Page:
Social media companies face "large fines" which could total "billions of pounds" from the UK government if they fail tackle abuse on their platforms.
England internationals Marcus Rashford and Reece James are among a number of footballers to have been subjected to racism in recent weeks.
Individuals and clubs, as well as the Football Association and Premier League, have condemned the abuse and called on social media firms to take tougher action against hateful messages.
"We are willing to take the harder, legislative measures," Culture Secretary Oliver Dowden told the BBC.
Southampton's Alex Jankewitz became the latest footballer to receive racist abuse on social media, with the Premier League club contacting Hampshire Police over messages sent to the 19-year-old midfielder.
Dowden said: "I certainly am prepared to get tough.
"If you fail to enforce your own terms and conditions, stand up to your duty of care, then we will impose fines and we'll take the power to impose very large fines - indeed up to 10 per cent of global turnover.
"For some of these big tech firms that's running to billions of pounds."
Kick it Out said a collective effort was required to "change the culture of impunity" with online abuse and insisted "social media companies have to step up and play their part in pursuing offenders and wiping out online abuse for good".
"We support the government stance on tackling online hate," a statement added.
"We want to see change on the social media platforms implemented as quickly and comprehensively as possible. Too many footballers have experienced abuse on their social channels for too long. Change has to come now."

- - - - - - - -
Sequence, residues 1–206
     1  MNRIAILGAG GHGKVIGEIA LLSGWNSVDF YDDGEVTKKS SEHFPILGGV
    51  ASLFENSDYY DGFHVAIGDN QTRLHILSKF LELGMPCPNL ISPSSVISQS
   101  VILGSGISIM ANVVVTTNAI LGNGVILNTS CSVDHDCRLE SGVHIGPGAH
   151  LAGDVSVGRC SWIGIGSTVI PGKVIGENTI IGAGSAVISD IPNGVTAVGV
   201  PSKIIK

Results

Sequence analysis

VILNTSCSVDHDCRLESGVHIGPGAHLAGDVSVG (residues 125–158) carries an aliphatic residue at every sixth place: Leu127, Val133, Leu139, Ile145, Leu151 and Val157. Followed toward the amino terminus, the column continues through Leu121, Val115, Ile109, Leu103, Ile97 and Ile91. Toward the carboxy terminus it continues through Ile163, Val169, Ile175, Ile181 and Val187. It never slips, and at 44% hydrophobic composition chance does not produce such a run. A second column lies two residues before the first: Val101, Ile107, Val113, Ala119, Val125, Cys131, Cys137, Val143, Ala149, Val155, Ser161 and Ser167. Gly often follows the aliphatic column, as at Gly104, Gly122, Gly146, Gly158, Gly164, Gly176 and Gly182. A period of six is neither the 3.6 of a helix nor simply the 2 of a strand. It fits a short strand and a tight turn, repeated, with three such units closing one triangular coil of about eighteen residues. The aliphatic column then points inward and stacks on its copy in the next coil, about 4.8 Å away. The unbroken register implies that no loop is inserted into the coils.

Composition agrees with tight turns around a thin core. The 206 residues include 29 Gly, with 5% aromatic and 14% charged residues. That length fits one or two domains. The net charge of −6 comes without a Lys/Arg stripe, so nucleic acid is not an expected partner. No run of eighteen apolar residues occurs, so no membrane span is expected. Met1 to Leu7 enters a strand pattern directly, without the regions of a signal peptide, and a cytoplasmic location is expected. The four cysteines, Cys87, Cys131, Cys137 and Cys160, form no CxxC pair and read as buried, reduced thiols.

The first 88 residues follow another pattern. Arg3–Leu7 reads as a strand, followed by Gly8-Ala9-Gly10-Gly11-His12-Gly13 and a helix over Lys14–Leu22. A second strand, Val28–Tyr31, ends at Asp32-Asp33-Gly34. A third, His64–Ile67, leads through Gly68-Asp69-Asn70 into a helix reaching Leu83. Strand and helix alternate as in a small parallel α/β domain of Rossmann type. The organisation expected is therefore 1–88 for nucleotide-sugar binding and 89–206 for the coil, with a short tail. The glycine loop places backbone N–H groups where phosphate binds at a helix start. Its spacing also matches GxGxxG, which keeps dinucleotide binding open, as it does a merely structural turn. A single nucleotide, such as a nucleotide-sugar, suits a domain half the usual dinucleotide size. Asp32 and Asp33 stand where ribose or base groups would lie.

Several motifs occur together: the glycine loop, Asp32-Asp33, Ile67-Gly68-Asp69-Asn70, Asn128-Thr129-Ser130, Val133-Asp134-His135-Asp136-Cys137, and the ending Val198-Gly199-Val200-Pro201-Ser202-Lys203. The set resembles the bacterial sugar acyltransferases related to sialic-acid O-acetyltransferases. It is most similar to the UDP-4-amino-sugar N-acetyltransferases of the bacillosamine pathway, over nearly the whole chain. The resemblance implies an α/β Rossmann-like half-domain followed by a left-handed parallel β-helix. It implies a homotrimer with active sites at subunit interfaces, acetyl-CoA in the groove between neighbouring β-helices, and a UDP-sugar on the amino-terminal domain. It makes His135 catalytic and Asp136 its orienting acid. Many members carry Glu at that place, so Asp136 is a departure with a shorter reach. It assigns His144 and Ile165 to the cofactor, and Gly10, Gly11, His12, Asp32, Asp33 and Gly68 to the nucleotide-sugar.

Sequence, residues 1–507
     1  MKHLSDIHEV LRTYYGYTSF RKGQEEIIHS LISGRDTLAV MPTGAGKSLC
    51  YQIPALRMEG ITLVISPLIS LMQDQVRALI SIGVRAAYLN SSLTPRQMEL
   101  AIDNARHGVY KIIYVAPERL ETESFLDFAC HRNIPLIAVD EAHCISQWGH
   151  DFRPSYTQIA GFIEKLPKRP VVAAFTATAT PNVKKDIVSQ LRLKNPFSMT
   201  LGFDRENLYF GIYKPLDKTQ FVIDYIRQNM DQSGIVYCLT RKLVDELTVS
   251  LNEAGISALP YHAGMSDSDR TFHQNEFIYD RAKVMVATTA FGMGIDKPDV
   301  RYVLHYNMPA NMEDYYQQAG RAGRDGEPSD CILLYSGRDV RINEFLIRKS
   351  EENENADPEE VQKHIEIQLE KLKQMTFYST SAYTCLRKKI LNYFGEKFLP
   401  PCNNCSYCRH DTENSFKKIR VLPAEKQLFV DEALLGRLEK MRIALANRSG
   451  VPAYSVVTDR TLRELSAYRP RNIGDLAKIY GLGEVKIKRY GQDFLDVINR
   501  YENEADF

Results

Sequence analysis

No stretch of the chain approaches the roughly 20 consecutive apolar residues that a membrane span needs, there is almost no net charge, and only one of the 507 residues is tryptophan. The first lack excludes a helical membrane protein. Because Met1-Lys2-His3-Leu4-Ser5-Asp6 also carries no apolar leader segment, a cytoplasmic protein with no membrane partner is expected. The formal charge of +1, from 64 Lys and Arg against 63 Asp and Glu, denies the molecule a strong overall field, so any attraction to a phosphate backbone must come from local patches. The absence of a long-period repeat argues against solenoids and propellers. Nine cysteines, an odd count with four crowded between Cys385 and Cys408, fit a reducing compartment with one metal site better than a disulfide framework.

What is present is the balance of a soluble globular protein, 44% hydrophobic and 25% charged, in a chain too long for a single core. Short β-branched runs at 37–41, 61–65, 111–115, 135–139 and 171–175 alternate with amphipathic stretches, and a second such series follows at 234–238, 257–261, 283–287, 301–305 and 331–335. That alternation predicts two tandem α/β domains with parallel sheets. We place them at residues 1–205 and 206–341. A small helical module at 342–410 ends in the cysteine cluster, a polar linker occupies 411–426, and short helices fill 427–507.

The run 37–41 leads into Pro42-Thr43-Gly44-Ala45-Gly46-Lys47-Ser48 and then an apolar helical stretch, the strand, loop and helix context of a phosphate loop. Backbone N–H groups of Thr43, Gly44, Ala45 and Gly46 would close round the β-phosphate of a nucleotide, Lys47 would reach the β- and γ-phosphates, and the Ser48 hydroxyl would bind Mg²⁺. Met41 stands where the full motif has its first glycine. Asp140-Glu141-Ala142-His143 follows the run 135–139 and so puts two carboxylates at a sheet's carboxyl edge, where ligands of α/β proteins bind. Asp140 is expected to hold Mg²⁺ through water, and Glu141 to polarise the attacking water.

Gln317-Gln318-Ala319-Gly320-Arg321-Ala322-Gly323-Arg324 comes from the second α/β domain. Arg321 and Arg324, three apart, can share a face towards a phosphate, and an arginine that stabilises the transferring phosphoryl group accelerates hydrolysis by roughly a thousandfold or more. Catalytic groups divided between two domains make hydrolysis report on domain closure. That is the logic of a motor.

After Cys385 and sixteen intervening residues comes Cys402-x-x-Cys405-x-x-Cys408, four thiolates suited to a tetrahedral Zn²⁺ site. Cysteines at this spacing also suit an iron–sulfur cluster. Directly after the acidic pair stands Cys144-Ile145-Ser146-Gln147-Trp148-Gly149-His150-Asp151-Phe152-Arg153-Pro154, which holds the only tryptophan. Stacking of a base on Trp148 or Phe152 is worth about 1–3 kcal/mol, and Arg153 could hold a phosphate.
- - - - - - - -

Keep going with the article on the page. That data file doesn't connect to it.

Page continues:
Dowden added senior management at social media companies could face "criminal sanctions" in the "most egregious cases".
Social media companies have reiterated their commitments to eradicating online hate and earlier this month Instagram's owner Facebook removed a user who racially abused Brentford forward Ivan Toney.
Townsend: Conversations have gone on too long - time for action
Troy Townsend, head of development at Kick It Out, said football players a fed up with conversations taking place over social media abuse and that closing accounts was not a tough enough measure.
Ian Wright said he was "disappointed" after a teenager who sent the former England striker racist abuse was not given a criminal conviction and Townsend added his reaction to messages of hate had "gone beyond frustration".
Speaking to Sky Sports News, Townsend said: "I was involved in conversations [with Twitter 18 months ago] but those conversations are still happening and what status are they at.
"The players are not interested in conversations anymore. They share their experiences; it is in the public domain, It is easily accessible if you want to see it. It is now about the action, the appropriate action and that appropriate action is not just closing down an account and saying that person is no longer able to use our platform because that person has probably gone and opened another account anyway."
He added: "Now is the time for the biggest voices, the most powerful voices to be talking out and reaching out to those social media companies and almost warning them that this cannot continue or else and I think that is the stage we are at now."
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